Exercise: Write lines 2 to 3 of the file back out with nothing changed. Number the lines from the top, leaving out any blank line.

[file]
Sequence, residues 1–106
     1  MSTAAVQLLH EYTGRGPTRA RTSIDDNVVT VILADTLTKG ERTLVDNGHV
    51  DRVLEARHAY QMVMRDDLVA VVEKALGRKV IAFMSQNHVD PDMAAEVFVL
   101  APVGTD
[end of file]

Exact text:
     1  MSTAAVQLLH EYTGRGPTRA RTSIDDNVVT VILADTLTKG ERTLVDNGHV
    51  DRVLEARHAY QMVMRDDLVA VVEKALGRKV IAFMSQNHVD PDMAAEVFVL